North Carolina is holding its second primary today. Polls will be open from 6:30 am to 7:30 pm. To be eligible to vote, you must either be a registered Republican or an unaffiliated voter who either did not vote in the March 5th primary election or voted the Republican ballot in the primary.

According to Karen Brinson Bell, executive director for the North Carolina State Election Board (NCSBE), some election day voting sites have been consolidated for the second primary. She said during a call with the media on Monday that voters can confirm the location of their polling place through the voter search tool.

Voters also need to show a form of acceptable ID.

Absentee voters must drop off their ballots to their county election board by 7:30 pm. They can also discard their absentee ballot and vote in person.

After the election, there will be a 10-day canvas. County boards of elections in all 100 counties count the remaining absentee ballots, research and count provisional ballots, audit the results, and conduct any necessary recounts.

Secondary primaries tend to have low turnout numbers and this year is no exception. Brinson Bell said that, as of Monday, early voting turnout was at 0.7% among registered Republican or unaffiliated voters.

Republican nominations for lieutenant governor and state auditor are on the ballot statewide.

The top vote-getters in those races in the March 5 primary failed to secure the required 30% of the vote, the threshold to avoid a runoff election. 

In CD-13, Kelly Daughtry pulled out of the race against Brad Knott on May 2. If he receives the most votes and Daughtry doesn’t reenter the race, Knott will face Democratic nominee Frank Pierce in the general election to represent the district in the US House.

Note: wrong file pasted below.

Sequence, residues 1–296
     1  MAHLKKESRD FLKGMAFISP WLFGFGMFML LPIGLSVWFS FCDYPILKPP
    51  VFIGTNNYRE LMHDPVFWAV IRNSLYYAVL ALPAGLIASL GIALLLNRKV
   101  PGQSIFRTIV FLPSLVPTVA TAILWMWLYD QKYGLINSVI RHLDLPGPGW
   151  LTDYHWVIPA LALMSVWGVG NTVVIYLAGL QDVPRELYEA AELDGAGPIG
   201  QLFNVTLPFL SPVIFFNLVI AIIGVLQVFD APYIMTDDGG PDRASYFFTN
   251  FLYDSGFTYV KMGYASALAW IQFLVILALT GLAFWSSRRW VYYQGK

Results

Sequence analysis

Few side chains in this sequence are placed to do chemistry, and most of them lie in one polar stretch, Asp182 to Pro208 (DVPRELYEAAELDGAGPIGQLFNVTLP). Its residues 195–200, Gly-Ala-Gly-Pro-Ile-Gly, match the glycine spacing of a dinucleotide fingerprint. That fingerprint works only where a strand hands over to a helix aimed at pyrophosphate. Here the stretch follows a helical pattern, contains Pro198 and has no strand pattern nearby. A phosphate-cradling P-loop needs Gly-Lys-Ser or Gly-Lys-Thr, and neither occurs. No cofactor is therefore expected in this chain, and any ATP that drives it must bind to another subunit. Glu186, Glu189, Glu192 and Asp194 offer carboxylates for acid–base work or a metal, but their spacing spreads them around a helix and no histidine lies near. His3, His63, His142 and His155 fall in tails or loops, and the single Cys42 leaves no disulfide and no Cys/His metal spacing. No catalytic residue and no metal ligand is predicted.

Hal Weatherman received 19.59% (181,818 votes) for lieutenant governor in the March primary, followed by Jim O’Neill with 15.84% (147,042 votes) among a large primary field of 10 candidates.

Weatherman served as chief of staff for former Lieutenant Governor Dan Forest and former US Rep. Sue Myrick and was also a campaign manager. He told Carolina Journal in March that his campaign is a testament to the power of grassroots campaigning.

He also told CJ in a video interview that if he is elected, not only will he have an office in Raleigh and preside over the state senate, he is going to stay on the road.

“I’m gonna stay on the road and keep my ear to the ground and be accessible to the people that I represent,” he said. “I want them to always be able to reach me. I want them to know me.”

He also said he wants to remove the stigma from the trades and retool the state’s apprenticeship program.  

O’Neill is serving his fourth term as district attorney for Forsyth County, previously serving as assistant DA. In 2020, he ran as the Republican nominee for state attorney general, challenging Attorney General Josh Stein, the 2024 Democratic nominee for governor.

He told Carolina Journal in a video interview that he is a strong proponent of law enforcement and wants to give them a voice at the statewide level. He also supports teachers and said it’s really important that teachers and students feel safe in the classroom. 

He also touted a program he started in Forsyth County in 2018. The Susan Frye District Attorney Treatment Alternative Program assists individuals struggling with an addiction to heroin, opioids, cocaine, methamphetamine, and alcohol with intensive treatment with services to aid individuals struggling with addictions that drove their criminal activity. Individuals who successfully complete the program may receive a reduction or dismissal of their criminal charges.